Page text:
In the early part of the 1970s, while Napa and Sonoma were setting the wine world on its ear, little attention was paid to the wines of Mendocino County. And there was even less said about Anderson Valley.
|Anderson Valley flowers and vines
Ukiah, where Barney Fetzer and John Parducci made their wines, is a convenient off-ramp from the main north-south US-101 through Mendocino. But to reach the secluded Anderson Valley, a thirsty wine fan had to exit 101 outside Cloverdale, onto a winding two-lane state Route 128 or approach the valley over the narrow Route-253 mountain road south of Ukiah.
The scenic drive along R-128 takes you past Navarro, Greenwood Ridge, Husch, Handley and Roederer Estate, among other wineries. West through Philo the road eventually ends at the Pacific Ocean.
An aside. The cluster of a group of small businesses and a hotel, that is Boonville, is known for two things, although both are probably slipping out of the public memory. Boontling, an American jargon, developed in the late 19th century, is spoken today only by a few old timers in western Mendocino County. Hang around Boonville long enough, though, and you might hear someone talking about a "sharkin match" (fight), or telling a story out of church about the local "skype" or pastor.
Old time residents of Boonville may also tell you about the time a mysterious young couple breathed life back into a run down Boonville Hotel and Restaurant and then slipped out of town one night owing a lot of money. The hotel is thriving again and so too is Boonville.
Anderson Valley White Wines
Cool climate growing conditions, especially for Pinot Noir, Chardonnay and aromatic whites like Riesling and especially, Gewurztraminer, attracted winemakers in the 1970s to Anderson Valley, along with, of course, some reasonable prices for arable land.
Parducci Wine Cellars in Ukiah is the oldest winery in Mendocino, opening its doors in 1932. In Anderson Valley, Lazy Creek Vineyards, 1973, makers of excellent Gewurztraminer, holds the longevity honors, followed by Handley Cellars, 1981, also known for Gewurtz and Chardonnay.
Since 1974, Navarro Vineyards has been committed to making outstanding Gewurztraminer and building a reputation for excellent Riesling, as well. And Navarro makes some of the best late harvest styles from those two varieties.
A short distance past Navarro is Lazy Creek Vineyards started by a Swiss couple that planted a vineyard in 1973 and one of the valley's first wineries. Lazy Creek has long been recognized for the best Alsace dry-style Gewurtz in California.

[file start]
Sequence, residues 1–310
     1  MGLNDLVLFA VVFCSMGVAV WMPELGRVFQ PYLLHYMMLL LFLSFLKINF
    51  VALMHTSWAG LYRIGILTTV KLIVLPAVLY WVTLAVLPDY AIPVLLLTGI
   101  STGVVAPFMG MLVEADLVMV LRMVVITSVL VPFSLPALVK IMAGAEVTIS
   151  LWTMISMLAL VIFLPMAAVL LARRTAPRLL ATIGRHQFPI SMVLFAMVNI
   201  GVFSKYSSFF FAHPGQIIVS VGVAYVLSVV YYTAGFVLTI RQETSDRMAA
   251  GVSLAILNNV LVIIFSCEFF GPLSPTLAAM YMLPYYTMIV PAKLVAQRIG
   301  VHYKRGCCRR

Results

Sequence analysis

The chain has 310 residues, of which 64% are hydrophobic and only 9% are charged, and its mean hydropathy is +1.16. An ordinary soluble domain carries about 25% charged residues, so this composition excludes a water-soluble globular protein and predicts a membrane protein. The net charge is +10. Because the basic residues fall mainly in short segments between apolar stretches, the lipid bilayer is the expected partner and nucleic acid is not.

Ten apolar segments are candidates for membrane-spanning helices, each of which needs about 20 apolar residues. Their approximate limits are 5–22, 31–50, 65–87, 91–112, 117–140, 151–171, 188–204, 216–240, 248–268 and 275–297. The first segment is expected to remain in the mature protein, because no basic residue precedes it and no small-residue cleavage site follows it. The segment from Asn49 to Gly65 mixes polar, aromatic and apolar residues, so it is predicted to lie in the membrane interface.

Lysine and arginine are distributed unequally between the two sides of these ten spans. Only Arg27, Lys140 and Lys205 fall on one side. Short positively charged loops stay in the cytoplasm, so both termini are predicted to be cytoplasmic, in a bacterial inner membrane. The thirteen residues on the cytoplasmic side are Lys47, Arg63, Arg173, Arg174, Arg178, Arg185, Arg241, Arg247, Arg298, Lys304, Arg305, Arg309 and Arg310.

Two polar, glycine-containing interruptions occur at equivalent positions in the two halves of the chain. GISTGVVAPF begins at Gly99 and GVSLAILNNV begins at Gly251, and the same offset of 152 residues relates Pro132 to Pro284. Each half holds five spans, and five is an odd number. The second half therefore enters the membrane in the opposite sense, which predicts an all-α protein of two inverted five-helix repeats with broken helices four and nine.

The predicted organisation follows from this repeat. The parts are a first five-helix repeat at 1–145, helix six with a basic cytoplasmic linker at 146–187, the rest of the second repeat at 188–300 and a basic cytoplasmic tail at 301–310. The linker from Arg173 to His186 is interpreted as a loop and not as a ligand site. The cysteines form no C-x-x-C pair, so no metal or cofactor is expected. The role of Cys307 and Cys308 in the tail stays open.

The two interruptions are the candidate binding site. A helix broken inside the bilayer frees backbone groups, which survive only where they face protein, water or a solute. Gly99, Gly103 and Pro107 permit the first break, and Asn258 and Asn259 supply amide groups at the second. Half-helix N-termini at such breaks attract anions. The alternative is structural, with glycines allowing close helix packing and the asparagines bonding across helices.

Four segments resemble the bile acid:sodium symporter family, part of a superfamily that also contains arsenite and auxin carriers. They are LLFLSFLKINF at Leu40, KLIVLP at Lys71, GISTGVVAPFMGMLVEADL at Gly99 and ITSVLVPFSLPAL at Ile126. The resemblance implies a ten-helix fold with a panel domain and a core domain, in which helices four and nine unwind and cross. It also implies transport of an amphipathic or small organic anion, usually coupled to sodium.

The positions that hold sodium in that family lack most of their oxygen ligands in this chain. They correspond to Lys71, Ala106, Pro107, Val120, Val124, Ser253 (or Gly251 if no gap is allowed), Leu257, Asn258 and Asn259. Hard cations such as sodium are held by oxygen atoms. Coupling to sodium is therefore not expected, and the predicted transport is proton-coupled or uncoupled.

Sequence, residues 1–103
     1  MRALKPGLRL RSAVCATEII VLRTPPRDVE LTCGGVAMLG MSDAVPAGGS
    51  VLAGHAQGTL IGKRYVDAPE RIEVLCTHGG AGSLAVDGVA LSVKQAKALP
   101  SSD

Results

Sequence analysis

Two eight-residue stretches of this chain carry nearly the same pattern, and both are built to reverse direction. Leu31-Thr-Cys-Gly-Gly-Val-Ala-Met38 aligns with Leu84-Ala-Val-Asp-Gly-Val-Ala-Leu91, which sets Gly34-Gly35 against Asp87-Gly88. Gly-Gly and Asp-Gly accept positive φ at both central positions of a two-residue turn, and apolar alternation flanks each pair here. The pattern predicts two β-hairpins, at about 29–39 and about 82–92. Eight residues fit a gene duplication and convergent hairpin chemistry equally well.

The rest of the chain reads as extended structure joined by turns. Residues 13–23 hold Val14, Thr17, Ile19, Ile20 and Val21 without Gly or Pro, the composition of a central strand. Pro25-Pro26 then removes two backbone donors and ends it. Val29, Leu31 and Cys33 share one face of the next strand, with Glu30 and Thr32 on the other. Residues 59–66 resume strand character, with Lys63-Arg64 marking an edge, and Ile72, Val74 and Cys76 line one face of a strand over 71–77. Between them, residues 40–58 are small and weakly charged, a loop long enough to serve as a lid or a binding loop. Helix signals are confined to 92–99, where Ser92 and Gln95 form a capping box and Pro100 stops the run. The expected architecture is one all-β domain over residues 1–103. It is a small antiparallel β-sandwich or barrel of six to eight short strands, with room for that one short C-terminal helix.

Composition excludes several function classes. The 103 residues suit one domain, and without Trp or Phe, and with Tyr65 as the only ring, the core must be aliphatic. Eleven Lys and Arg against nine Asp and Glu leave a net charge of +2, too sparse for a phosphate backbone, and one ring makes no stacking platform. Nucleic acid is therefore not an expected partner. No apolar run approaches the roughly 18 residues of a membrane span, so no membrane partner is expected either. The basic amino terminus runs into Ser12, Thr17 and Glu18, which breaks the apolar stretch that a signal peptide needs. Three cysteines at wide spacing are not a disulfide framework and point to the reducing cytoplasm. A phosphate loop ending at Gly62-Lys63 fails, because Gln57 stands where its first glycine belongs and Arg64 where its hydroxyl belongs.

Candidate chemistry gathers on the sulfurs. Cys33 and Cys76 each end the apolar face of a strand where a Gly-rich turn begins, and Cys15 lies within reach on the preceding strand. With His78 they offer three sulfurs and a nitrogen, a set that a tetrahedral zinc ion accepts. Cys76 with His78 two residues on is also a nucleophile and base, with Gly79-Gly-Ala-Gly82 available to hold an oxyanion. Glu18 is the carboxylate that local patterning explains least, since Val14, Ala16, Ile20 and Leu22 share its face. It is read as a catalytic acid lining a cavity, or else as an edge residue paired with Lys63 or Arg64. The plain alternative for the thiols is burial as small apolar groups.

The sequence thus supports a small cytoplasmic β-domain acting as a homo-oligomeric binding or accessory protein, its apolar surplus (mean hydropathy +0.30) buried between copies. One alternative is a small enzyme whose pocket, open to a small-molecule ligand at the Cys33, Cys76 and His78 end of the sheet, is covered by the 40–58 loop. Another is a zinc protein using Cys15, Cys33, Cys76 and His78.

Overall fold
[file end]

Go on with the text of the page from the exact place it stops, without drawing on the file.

Across the highway is Husch Vineyard, one of the oldest wineries in Anderson Valley. Husch has a solid following for Riesling, Gewurztraminer and Chardonnay, plus old vine Zinfandel and Pinot Noir. In 1979, the Oswald family bought Husch and expanded the line.
Further along R-128 is Roederer Estate, the California outpost for the noted Champagne firm of Louis Roederer. Vineyards were first planted at Roederer Estate in 1982, with the construction of a winery to follow. Roederer Estate bubbly is among California's finest, especially the prestige bottling, L'Ermitage.
Beyond Roederer and just before getting to Navarro, is Handley Cellars, founded in 1981, with winemaker Mila Handley turning out excellent Gewurztraminer, Pinot Noir and Chardonnay.
Anderson Valley Pinot Noir
California wine lore is partly about the search for the Holy Grail of red wine: Pinot Noir. The faithful looked throughout the state and found ideal conditions for Pinot Noir in Santa Barbara, Russian River, Los Carneros and more recently in the Anderson Valley.
In the early 1980s, the owners of Champagne Roederer settled on Anderson Valley as a good place to grow Pinot Noir for their California sparkling wine. While Moet & Chandon and G. H. Mumm opted for the trendier Napa Valley, Roederer decided the place to be making sparkling wine in California was the off-the-tourist track of Anderson Valley.
At one time, the advice coming out of the University of California Davis was to pass on Pinot Noir since there is no place in the state for a grape that loves a cool climate. Fortunately, there were those who believed Pinot Noir had a future in Anderson Valley, with its ocean influence and good soils.
|Common Goldeneye Audubon
In 1996, the Duckhorns of Napa Valley founded the Goldeneye Winery in the cool climate of Anderson Valley, to make a Pinot Noir the equal of the noted Duckhorn Merlot. It was a decision that paid off with the success of Goldeneye, named for the Common Goldeneye migratory diving duck. Goldeneye also makes a dry Alsace-style Gewurztraminer.
Anderson Valley may be off the tourist trail, but the diversion is worth the time and effort, to enjoy a cool glass of Gewurztraminer or a satisfying Pinot Noir, before continuing along the trail to the scenic Pacific Ocean.
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